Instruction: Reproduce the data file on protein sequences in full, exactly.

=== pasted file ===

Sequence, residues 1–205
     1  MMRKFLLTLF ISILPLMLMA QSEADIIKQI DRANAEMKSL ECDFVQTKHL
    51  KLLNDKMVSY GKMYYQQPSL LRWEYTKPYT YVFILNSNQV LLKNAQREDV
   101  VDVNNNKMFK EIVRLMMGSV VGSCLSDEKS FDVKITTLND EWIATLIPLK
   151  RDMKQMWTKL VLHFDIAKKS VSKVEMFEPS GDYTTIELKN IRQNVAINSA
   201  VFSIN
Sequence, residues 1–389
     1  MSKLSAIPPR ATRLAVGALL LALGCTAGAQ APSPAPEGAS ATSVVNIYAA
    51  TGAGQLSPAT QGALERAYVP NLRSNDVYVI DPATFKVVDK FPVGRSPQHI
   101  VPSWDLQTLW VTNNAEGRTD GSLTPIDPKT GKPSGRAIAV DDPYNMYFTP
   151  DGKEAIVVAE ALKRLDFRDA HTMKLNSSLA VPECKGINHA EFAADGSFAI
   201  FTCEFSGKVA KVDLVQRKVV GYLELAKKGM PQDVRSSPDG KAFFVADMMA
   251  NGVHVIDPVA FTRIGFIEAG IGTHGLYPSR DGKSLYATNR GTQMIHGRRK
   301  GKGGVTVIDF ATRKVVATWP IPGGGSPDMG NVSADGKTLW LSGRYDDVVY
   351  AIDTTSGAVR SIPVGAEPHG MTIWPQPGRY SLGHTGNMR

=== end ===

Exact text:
Sequence, residues 1–205
     1  MMRKFLLTLF ISILPLMLMA QSEADIIKQI DRANAEMKSL ECDFVQTKHL
    51  KLLNDKMVSY GKMYYQQPSL LRWEYTKPYT YVFILNSNQV LLKNAQREDV
   101  VDVNNNKMFK EIVRLMMGSV VGSCLSDEKS FDVKITTLND EWIATLIPLK
   151  RDMKQMWTKL VLHFDIAKKS VSKVEMFEPS GDYTTIELKN IRQNVAINSA
   201  VFSIN
Sequence, residues 1–389
     1  MSKLSAIPPR ATRLAVGALL LALGCTAGAQ APSPAPEGAS ATSVVNIYAA
    51  TGAGQLSPAT QGALERAYVP NLRSNDVYVI DPATFKVVDK FPVGRSPQHI
   101  VPSWDLQTLW VTNNAEGRTD GSLTPIDPKT GKPSGRAIAV DDPYNMYFTP
   151  DGKEAIVVAE ALKRLDFRDA HTMKLNSSLA VPECKGINHA EFAADGSFAI
   201  FTCEFSGKVA KVDLVQRKVV GYLELAKKGM PQDVRSSPDG KAFFVADMMA
   251  NGVHVIDPVA FTRIGFIEAG IGTHGLYPSR DGKSLYATNR GTQMIHGRRK
   301  GKGGVTVIDF ATRKVVATWP IPGGGSPDMG NVSADGKTLW LSGRYDDVVY
   351  AIDTTSGAVR SIPVGAEPHG MTIWPQPGRY SLGHTGNMR